Nanotechnology

A new way for quantum physics to control chemical reactions

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June 16, 2023

(Nanowerk News) Controlling chemical reactions to produce new products is one of the greatest challenges in chemistry. Developments in this area impact industry, for example by reducing the waste generated in the manufacture of construction materials or by increasing the production of catalysts to speed up chemical reactions.

For this reason, in the field of polariton chemistry – which uses chemical tools and quantum optics – in the last ten years various laboratories around the world have developed experiments in optical cavities to manipulate the chemical reactivity of molecules at room temperature, using electromagnetic fields. . Some have succeeded in modifying the products of chemical reactions in organic compounds, but to date, and without relevant advances in the last two years, no research team has been able to come up with a general physical mechanism to describe the phenomenon and reproduce it to obtain consistently the same measurements.

Now a team of researchers from the Universidad de Santiago (Chile), part of the Millennium Institute for Research in Optics (MIRO), led by principal investigator Felipe Herrera, and the laboratory of the chemistry division of the US Naval Research Laboratory, (United States of America), led by researcher Blake Simpkins , for the first time reported the manipulation of the formation rate of urethane molecules in a solution contained within an infrared cavity. Modification of ground-state chemical reactivity through light-matter coherence in the infrared cavity Illustration of an infrared Fabry-Perot reactor with a urethane formation reaction occurring in solution under the influence of a confined electromagnetic vacuum. (Image: Johan Triana and Alejandra Pantoja)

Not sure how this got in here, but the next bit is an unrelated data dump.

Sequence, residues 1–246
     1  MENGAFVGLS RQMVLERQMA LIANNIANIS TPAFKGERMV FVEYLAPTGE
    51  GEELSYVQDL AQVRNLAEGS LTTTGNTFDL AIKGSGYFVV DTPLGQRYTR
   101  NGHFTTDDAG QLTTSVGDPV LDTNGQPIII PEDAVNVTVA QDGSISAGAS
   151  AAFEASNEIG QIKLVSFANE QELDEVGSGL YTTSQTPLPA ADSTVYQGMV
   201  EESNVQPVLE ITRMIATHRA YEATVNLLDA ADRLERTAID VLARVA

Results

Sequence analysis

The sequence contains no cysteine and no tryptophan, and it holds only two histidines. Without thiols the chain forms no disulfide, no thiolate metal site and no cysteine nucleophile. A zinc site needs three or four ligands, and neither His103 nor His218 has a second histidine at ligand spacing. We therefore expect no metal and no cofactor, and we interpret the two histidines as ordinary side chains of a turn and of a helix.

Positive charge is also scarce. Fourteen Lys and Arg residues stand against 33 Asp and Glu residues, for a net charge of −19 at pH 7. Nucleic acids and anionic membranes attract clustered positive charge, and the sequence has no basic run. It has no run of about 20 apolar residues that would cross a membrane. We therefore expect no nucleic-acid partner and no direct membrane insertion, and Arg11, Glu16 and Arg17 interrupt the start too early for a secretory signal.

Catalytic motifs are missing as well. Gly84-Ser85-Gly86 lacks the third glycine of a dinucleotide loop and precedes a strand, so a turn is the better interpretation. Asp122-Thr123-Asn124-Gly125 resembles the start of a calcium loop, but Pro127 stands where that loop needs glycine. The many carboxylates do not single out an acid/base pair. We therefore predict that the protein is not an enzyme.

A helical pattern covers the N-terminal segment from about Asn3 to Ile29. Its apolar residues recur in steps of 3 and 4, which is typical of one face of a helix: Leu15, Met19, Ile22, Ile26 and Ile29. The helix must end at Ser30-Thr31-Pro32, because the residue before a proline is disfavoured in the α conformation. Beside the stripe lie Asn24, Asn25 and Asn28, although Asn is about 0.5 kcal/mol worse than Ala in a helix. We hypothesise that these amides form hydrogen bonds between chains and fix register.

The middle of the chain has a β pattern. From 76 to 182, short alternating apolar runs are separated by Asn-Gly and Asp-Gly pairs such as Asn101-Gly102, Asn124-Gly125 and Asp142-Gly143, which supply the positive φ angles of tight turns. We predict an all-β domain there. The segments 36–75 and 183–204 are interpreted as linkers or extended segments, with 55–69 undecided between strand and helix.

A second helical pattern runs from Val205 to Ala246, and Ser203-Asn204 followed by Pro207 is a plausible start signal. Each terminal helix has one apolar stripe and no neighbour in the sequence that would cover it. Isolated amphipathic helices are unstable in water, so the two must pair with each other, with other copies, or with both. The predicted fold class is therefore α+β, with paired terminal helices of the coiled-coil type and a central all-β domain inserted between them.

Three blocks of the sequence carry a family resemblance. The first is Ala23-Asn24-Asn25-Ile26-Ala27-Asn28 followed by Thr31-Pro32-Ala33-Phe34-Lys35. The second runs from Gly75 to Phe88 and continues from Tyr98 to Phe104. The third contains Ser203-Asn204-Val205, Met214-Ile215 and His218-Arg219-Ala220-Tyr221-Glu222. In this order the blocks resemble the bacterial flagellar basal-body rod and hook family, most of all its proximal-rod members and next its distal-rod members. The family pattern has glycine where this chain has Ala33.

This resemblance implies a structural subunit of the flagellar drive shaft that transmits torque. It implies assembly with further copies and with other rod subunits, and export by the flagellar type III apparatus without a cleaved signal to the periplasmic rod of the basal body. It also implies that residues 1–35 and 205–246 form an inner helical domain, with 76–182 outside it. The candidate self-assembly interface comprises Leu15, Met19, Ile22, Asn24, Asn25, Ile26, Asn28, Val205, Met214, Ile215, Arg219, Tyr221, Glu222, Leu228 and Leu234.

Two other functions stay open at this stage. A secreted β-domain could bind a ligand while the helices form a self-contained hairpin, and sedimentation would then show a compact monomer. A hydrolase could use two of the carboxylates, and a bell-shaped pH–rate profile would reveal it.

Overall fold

The findings were published in a journal Science (“Modification of ground-state chemical reactivity via light-matter coherence in the infrared cavity”) and proved, for the first time, both theoretically and experimentally, that it is possible to selectively modify the reactivity of certain bonds in chemical reactions at room temperature in liquid solvents, through the vacuum influence of electromagnetic fields in a narrow range of infrared frequencies. “This theoretical discovery increases our fundamental understanding of the phenomenon compared to other models that only partially explain aspects of experimental observations or only completely deny experimental evidence,” said researcher Felipe Herrera.

A new scientific scope for molecular manipulation

Why is it so difficult to control chemical reactions? When a chemical reaction occurs, the bonds that hold the atoms together in a molecule break and rearrange, forming new substances known as products. For this process to occur, energy is often required, and several physicochemical principles dating back to the 19th century have helped us understand how this transfer of energy occurs according to the laws of thermodynamics.